The pharma-doctors nexus is well-known. Many a time it also turns unholy.
Payments avowedly made towards lectures and seminars translate into more and more prescriptions of the products of the sponsors.
In the absence of any monitoring mechanism, the nexus has been growing like never before.
A smart senator thought of making a small beginning in tackling the unhealthy trend. His starting point was the requirement for academic researchers in most universities to disclose such payments.
So Charles E. Grassley,a Republican from Iowa wrote letters to a few universities to understand how well such a reporting system actually works.
On the Senate floor, Grassley said last week that he encountered several problems at the first step itself.
First, universities do not verify the information filed by their professors, so "the only person who knows if the reported income is accurate and complete is the doctor who is receiving the money."
Also, the universities generally keep this information secret from patients, who have no way of knowing whether their doctor is on a drug maker's payroll, he said.
"So if there is a doctor getting thousands of dollars from a drug company — payments that might be affecting his or her objectivity — the only people outside the pharmaceutical industry who will probably ever know about this are the people at that very university," he said.
Grassley also said that he had asked how much the Cincinnati University child psychiatrist Dr. Melissa DelBell made from AstraZeneca, the London-based drug giant that manufactures the antipsychotic Seroquel.
Dr. DelBello's studies of Seroquel in children have helped to fuel the widespread pediatric use of antipsychotic medicines. Those studies were inconclusive, but she has described them as demonstrating that Seroquel is effective in some children.
The term antipsychotic is applied to a group of drugs used to treat psychosis Common conditions with which antipsychotics might be used include schizophrenia, mania and delusional disorder, alhough antipsychotics might be used to counter psychosis associated with a wide range of other diagnoses.
Atypical antipsychotics are second-generation medicines designed to cause fewer neurological complications than conventional antipsychotics. They include aripiprazole (sold as Abilify), olanzapine (Zyprexa), quetiapine (Seroquel), risperidone (Risperdal), and ziprasidone (Geodon).
Asked in a past newspaper interview how much she was paid by AstraZeneca to help market Seroquel, she had said, "Trust me, I don't make very much."
But her disclosure forms at the University of Cincinnati show she received $100,000 from AstraZeneca in 2003 and $80,000 in 2004. Dr. DelBello consults for seven other drug makers as well.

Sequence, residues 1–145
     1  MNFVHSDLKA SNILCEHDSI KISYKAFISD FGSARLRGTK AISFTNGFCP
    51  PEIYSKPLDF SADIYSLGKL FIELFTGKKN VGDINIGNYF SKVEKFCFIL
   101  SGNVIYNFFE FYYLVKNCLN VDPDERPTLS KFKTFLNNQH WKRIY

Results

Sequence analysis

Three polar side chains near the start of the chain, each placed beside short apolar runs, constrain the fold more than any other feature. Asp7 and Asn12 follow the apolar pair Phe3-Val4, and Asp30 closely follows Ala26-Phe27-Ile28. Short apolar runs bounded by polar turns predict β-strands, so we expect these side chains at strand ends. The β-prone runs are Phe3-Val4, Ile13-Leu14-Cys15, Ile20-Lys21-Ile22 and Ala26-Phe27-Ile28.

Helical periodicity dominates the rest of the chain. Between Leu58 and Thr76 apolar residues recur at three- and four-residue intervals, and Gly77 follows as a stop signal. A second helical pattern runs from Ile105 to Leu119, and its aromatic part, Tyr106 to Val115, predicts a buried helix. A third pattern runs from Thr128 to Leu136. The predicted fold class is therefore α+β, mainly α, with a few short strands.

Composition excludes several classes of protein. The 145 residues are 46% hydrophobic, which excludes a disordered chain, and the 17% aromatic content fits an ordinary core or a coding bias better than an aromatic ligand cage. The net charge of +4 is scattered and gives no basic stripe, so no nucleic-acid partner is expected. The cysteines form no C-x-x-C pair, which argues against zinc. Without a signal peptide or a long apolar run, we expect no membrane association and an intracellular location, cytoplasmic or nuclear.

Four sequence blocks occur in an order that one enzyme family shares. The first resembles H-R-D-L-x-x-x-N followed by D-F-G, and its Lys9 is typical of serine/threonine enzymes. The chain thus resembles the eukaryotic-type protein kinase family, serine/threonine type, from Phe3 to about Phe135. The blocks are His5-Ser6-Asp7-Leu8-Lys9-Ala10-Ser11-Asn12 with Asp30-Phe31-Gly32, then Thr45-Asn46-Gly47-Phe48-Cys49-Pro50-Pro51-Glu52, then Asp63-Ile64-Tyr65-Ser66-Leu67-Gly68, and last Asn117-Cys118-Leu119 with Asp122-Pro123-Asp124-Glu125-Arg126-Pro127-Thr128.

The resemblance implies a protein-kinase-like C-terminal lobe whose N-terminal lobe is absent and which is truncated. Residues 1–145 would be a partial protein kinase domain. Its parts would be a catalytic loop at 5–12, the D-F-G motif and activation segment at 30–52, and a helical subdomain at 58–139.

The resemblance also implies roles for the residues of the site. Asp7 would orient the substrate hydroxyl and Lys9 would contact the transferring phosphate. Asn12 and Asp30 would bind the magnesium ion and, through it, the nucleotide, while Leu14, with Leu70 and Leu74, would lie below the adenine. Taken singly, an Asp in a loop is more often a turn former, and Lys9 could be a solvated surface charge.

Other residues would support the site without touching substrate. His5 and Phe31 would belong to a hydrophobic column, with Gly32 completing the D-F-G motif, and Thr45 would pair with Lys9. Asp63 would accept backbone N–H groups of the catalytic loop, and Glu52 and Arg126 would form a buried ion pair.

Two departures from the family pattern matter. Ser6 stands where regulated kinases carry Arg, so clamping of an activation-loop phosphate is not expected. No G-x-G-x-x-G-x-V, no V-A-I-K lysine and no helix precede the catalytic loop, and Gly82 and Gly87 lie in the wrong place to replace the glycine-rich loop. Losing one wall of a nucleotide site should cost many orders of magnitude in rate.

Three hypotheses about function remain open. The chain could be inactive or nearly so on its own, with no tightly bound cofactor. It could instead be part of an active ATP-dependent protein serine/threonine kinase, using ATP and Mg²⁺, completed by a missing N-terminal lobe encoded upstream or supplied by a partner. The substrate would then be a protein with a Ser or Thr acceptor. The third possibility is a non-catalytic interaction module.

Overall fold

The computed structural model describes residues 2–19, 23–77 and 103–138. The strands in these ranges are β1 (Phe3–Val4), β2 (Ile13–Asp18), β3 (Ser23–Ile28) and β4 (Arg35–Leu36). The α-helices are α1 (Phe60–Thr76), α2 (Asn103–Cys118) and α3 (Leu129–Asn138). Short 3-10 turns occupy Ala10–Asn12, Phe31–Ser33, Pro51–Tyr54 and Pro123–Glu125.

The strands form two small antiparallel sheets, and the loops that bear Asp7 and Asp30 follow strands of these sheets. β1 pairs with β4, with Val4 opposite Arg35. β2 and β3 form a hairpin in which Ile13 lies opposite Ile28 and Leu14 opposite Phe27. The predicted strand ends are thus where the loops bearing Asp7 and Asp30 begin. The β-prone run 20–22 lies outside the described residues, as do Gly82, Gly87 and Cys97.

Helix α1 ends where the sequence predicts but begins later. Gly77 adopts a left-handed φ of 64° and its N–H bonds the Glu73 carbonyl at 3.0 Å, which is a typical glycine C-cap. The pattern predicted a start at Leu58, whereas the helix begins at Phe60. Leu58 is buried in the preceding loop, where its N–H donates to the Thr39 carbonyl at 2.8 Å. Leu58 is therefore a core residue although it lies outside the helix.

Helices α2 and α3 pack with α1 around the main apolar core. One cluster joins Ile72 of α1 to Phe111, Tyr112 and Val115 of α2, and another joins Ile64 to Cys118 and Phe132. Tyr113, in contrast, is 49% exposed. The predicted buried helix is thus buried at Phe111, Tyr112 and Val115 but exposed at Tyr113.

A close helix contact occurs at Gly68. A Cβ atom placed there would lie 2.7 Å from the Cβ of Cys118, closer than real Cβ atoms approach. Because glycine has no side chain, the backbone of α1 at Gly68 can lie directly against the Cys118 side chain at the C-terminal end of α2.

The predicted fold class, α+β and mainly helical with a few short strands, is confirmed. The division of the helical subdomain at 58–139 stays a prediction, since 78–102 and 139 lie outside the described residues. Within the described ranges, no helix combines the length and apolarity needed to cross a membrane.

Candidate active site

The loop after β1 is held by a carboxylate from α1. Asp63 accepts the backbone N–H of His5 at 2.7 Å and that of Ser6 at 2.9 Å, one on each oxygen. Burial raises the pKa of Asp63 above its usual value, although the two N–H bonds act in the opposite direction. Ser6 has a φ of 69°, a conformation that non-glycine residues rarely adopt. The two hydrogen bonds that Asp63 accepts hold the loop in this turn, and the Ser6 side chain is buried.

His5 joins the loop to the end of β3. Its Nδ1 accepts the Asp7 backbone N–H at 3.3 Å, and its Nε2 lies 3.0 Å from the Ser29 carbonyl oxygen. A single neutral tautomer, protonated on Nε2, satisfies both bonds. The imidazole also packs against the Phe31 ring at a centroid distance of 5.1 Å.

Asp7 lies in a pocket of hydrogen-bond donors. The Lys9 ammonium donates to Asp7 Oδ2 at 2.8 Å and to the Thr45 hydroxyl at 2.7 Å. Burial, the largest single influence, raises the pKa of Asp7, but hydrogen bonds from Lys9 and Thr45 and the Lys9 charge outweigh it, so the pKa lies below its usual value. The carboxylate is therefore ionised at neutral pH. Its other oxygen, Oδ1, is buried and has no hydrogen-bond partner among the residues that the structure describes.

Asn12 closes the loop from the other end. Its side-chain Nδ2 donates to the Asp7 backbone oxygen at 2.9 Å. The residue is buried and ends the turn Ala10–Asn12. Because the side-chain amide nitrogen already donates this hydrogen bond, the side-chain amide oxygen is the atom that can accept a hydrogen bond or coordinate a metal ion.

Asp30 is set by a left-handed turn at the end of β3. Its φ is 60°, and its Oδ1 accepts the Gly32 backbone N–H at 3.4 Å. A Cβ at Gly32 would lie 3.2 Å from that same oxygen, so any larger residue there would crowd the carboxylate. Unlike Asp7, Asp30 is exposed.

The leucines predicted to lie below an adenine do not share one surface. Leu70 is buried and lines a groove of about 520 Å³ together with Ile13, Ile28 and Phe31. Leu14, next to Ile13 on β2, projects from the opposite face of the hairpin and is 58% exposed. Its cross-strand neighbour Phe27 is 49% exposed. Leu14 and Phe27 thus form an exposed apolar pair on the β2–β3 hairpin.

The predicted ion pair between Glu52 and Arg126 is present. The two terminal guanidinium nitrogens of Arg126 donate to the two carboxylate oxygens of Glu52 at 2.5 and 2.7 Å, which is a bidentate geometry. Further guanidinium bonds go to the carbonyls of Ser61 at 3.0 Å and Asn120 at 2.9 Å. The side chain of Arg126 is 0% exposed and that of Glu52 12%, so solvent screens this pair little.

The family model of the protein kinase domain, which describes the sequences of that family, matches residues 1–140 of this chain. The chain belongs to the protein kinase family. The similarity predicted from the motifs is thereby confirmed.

Richard Puff, a university spokesman, said he did not know how much Dr. DelBello made in combined payments from all eight drug makers. Asked if the institution did anything to verify its professors' financial disclosures, he replied, "We do trust our faculty when they're making these disclosures."
The state government of the state of Vermont disclosed in June last that drug company payments to psychiatrists in the state more than doubled last year, to an average of $45,692 each from $20,835 in 2005. Antipsychotic medicines are among the largest expenses for the state's Medicaid program.
Over all last year, drug makers spent $2.25 million on marketing payments, fees and travel expenses to Vermont doctors, hospitals and universities, a 2.3 percent increase over the prior year, the state said.
The number most likely represents a small fraction of drug makers' total marketing expenditures to doctors since it does not include the costs of free drug samples or the salaries of sales representatives and their staff members. According to their income statements, drug makers generally spend twice as much to market drugs as they do to research them.
"For the fourth year in a row, our analysis shows that there is a great deal of money being spent in our small state on marketing pharmaceutical products," said William H. Sorrell, the Vermont attorney general.
Endocrinologists received the second largest amount, according to the Vermont analysis, earning an average of $33,730. Since the state identified the specialties of only the top 100 earners, these averages represent the money earned by only some of the state's specialists. There were 11 psychiatrists and 5 endocrinologists in that top group of 100.
As in Vermont, psychiatrists earned on aggregate the most in Minnesota, with payments ranging from $51 to $689,000.
Both the doctor and the drug maker are happy. But what about the patient is the question.
So a registry is considered a way out. Minnesota, Vermont and Maine already have similar registries, and other states are considering them. Now several senators are proposing a federal registry.
The drug industry opposes such registries, saying they would discourage doctors from receiving needed education. John Bentivoglio, a lawyer in Washington who represents drug makers, said the registries would be a burden for the companies and might be misinterpreted.
"One of the concerns is that these payments are seen as bribes," Mr. Bentivoglio said. "That's not the case. The vast majority are lawful payments for services."
But Senator Grassley said he would propose that drug makers make public any payments made to doctors who bill the federal Medicare and Medicaid programs, which would include nearly all doctors.
Noting that voters can easily look up the contributions made to elected officials, he asked, "Shouldn't we hold doctors to similar standards?"